Roman Life in Ostia, the Port of Rome

Roman Life in Ostia, the Port of Rome

Professor Kleiner focuses on Ostia, the port of Rome, characterized by its multi-storied residential buildings and its widespread use of brick-faced concrete. She begins with the city's public face--the Forum, Capitolium, Theater, and Piazzale delle Corporazioni. The Piazzale, set behind the Theater, was the location of various shipping companies with black-and-white mosaics advertising their business. Professor Kleiner examines the Baths of Neptune and the Insula of Diana, a brick apartment building with four floors that housed a number of Ostia's working families. The Insula of Diana and other similar structures, including warehouses like the Horrea Epagathiana, demonstrate a fundamental feature of second-century Ostia: the appreciation of the aesthetic qualities of brick facing. Since the time of Nero, brick was customarily covered with stucco and paint, but these Ostian buildings are faced with exposed brick, the color, texture, and design of which make it attractive in its own right. The lecture ends with a survey of several single family dwellings in Ostia, including the fourth-century House of Cupid and Psyche, notable for the pastel-colored marble revetment on its walls and floors and for a charming statue of the legendary lovers.


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Beschreibung

Professor Kleiner focuses on Ostia, the port of Rome, characterized by its multi-storied residential buildings and its widespread use of brick-faced concrete. She begins with the city's public face--the Forum, Capitolium, Theater, and Piazzale delle Corporazioni. The Piazzale, set behind the Theater, was the location of various shipping companies with black-and-white mosaics advertising their business. Professor Kleiner examines the Baths of Neptune and the Insula of Diana, a brick apartment building with four floors that housed a number of Ostia's working families. The Insula of Diana and other similar structures, including warehouses like the Horrea Epagathiana, demonstrate a fundamental feature of second-century Ostia: the appreciation of the aesthetic qualities of brick facing. Since the time of Nero, brick was customarily covered with stucco and paint, but these Ostian buildings are faced with exposed brick, the color, texture, and design of which make it attractive in its own right. The lecture ends with a survey of several single family dwellings in Ostia, including the fourth-century House of Cupid and Psyche, notable for the pastel-colored marble revetment on its walls and floors and for a charming statue of the legendary lovers.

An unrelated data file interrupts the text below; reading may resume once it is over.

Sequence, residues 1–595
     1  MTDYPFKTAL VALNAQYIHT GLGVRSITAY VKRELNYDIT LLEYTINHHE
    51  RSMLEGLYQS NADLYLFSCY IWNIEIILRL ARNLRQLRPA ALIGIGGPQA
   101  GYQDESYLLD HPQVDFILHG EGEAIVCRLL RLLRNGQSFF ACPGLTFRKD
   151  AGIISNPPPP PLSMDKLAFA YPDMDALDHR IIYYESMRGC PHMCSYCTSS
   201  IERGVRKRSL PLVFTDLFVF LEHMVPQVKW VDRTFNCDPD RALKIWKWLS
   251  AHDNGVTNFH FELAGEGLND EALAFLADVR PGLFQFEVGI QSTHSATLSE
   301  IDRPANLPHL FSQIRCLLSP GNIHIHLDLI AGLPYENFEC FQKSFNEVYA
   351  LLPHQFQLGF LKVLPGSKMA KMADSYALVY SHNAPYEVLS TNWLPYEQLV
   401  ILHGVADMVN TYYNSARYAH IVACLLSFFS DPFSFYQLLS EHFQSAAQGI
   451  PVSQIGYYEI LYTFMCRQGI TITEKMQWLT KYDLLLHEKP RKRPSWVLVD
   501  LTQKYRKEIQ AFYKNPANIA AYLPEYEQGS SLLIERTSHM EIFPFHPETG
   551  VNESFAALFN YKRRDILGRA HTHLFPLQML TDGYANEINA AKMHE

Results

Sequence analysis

This work is licensed under a Creative Commons Attribution-NonCommercial-ShareAlike 3.0 Unported License.

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